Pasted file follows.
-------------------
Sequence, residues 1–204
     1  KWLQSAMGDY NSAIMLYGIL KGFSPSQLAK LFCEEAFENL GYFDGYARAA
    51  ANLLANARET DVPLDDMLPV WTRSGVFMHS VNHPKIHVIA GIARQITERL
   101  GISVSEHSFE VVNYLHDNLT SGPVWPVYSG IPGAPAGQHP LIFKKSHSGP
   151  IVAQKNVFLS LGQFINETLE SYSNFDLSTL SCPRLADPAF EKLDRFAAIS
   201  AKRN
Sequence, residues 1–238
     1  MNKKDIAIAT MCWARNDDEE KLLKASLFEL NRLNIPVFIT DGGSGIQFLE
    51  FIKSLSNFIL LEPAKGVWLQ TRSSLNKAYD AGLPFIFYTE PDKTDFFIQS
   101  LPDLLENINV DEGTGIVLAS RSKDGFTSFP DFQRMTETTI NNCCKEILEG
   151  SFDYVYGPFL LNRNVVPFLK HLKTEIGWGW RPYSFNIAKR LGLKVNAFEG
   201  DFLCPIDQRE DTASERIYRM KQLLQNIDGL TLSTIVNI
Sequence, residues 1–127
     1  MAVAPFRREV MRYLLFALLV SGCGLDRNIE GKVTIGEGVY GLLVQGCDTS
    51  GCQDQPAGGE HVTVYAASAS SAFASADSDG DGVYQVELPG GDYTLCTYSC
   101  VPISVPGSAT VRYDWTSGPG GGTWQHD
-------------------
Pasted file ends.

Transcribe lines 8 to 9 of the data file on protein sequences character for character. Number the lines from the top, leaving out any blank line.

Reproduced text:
     1  MNKKDIAIAT MCWARNDDEE KLLKASLFEL NRLNIPVFIT DGGSGIQFLE
    51  FIKSLSNFIL LEPAKGVWLQ TRSSLNKAYD AGLPFIFYTE PDKTDFFIQS